The complex relationship between the mainstream child, their own self perception, and their perception of the Frank Wise School children they work with, appears to change depending upon the various social and academic contexts experienced. This corresponds to the observation by Lewis (2002), that children ‘make different and individually referenced interpretations of why children with different degrees of difficulty in learning behave in particular ways’. This was related by the mainstream pupils to the nature of the work being undertaken, but also appeared to change in response to the social composition of the interactions. Inappropriate behaviour would be tolerated in one to one interactions and then not in group interactions. The more complex group social context appeared to make it difficult to consider the behaviour with regard to their previously expressed identification of difference.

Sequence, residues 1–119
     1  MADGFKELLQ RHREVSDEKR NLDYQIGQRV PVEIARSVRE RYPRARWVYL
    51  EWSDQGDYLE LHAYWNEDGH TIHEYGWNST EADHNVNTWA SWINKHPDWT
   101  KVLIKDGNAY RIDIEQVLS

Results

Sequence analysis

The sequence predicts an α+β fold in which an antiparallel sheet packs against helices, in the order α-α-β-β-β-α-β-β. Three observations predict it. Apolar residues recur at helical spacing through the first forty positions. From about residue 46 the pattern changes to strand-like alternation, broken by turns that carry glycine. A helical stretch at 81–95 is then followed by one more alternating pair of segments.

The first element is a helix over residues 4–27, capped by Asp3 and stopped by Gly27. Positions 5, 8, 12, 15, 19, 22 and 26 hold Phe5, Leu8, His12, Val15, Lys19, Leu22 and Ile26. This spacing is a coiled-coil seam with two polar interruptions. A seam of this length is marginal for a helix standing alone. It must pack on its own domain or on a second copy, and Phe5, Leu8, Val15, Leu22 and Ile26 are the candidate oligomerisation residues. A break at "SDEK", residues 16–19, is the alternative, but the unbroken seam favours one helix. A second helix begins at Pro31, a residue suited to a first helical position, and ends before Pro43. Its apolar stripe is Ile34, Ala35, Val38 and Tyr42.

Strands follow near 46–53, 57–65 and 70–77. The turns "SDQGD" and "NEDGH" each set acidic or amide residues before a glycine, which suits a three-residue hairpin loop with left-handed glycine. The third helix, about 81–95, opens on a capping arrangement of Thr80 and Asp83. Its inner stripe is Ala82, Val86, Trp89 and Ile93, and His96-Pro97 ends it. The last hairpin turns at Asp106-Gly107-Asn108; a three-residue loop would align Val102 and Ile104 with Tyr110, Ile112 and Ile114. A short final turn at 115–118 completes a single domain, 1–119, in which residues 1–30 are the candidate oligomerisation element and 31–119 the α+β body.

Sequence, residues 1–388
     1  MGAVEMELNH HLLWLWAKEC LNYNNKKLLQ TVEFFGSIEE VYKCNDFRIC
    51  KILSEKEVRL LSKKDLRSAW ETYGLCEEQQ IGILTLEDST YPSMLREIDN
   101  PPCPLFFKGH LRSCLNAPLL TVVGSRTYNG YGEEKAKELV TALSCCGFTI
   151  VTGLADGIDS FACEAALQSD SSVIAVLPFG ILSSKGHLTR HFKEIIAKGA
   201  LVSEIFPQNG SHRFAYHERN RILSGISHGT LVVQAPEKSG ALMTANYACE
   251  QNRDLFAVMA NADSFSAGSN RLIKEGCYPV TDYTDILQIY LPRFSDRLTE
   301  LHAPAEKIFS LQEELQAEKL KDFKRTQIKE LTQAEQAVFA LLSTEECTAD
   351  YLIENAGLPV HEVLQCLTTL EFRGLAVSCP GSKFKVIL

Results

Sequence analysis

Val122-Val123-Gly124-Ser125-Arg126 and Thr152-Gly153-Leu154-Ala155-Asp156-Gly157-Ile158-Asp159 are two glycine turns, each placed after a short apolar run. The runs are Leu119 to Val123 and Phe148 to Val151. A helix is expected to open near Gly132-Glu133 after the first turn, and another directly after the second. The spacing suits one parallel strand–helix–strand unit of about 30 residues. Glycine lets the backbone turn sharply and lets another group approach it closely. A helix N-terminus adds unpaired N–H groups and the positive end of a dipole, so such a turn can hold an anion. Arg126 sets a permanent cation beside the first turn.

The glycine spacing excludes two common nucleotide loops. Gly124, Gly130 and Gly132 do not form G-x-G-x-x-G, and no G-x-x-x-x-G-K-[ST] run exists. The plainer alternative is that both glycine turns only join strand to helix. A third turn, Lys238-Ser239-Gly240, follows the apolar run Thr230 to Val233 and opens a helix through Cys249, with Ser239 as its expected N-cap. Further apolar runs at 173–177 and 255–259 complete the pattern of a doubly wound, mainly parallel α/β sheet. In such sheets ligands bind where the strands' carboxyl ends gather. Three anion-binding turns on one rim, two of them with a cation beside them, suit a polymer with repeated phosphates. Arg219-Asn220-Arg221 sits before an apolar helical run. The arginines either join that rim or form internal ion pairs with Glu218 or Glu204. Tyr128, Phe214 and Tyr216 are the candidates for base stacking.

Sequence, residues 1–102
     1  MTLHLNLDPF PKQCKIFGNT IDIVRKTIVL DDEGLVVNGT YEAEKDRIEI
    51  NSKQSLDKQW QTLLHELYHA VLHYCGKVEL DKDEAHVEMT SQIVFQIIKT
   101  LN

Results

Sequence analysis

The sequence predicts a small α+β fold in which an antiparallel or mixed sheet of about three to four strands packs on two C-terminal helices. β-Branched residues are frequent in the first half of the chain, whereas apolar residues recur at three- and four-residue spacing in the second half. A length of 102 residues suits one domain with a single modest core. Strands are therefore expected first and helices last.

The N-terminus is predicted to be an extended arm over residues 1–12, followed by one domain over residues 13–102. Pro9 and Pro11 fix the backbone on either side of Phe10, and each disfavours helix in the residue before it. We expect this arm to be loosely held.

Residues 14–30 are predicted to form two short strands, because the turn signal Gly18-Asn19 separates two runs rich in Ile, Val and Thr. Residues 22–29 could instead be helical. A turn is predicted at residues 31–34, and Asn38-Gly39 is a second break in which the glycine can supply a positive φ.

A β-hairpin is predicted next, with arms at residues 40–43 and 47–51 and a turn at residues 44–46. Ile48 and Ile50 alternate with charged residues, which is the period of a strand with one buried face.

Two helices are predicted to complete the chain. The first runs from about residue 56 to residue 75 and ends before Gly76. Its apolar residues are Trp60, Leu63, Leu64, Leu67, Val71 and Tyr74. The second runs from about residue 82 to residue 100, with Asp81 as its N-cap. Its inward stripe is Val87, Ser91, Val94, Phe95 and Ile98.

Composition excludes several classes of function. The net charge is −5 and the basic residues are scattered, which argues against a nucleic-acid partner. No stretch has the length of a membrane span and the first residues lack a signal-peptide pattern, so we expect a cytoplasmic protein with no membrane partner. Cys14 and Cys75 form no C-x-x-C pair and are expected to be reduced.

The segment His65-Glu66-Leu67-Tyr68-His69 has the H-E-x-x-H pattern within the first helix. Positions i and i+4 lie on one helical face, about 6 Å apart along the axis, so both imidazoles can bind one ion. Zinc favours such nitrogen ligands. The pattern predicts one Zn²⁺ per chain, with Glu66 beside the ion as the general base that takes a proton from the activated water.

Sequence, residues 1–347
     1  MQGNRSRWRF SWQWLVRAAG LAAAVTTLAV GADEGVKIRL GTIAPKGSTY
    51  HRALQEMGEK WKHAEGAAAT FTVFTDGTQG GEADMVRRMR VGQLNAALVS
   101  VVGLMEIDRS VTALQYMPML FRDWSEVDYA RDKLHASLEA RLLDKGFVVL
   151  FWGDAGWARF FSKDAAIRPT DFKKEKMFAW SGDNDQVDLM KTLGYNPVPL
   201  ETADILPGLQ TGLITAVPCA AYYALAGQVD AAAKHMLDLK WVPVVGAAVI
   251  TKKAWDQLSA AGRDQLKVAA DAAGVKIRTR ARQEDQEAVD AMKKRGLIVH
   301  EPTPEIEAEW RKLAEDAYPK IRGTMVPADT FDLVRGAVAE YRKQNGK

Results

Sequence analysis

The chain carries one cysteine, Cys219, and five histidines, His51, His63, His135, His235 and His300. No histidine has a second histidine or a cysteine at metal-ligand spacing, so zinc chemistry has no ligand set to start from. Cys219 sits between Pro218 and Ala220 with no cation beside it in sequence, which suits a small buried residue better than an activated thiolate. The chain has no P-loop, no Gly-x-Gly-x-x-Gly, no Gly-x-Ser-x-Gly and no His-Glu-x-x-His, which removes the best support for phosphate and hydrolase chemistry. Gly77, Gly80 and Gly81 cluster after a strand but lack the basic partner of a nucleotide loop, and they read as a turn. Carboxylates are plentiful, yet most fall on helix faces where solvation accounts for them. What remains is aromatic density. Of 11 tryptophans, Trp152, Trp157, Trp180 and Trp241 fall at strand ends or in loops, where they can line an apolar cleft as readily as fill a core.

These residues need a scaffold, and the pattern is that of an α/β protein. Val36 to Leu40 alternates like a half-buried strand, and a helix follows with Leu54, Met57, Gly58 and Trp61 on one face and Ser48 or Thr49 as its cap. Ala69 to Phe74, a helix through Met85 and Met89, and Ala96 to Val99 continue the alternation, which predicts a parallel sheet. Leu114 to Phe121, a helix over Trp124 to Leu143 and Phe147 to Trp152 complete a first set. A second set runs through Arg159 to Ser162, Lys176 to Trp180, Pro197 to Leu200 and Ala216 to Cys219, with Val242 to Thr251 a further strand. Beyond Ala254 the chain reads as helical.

Within inclusive contexts, one of the common themes when discussing concerns is that social fears outweigh academic ones (Frederikson et al. 2004). It is also important to acknowledge that inclusion must be viewed from the point of view of the benefits for all involved, not just the children with learning difficulties (O’Connor 2007). When discussing the things that the mainstream pupils did not like about their involvement in the inclusive work, the younger children commented primarily upon individual incidents or stated that they liked all of it. However the children from the mainstream secondary school commented that they sometimes experience a level of teasing from their own mainstream peers, as a result of their involvement in inclusive experiences. Despite this the pupils expressed strong support for their participation. Whilst within the context of this brief investigation it is difficult to look at this in depth, it is important to recognise that this is a issue that would benefit from greater exploration. If we consider that within the context of inclusive educational opportunities, the ‘interests of all pupils must be safeguarded.’ (DfES 2002), then future research into this area must be mindful of the wider and more socially complex implications of inclusive educational opportunities. It must also ensure that as the bias towards mainstream education begins to be removed, that we do not lose sight of the vital role that carefully delivered inclusive opportunities provide in breaking down barriers and challenging the perceptions of children with special educational needs.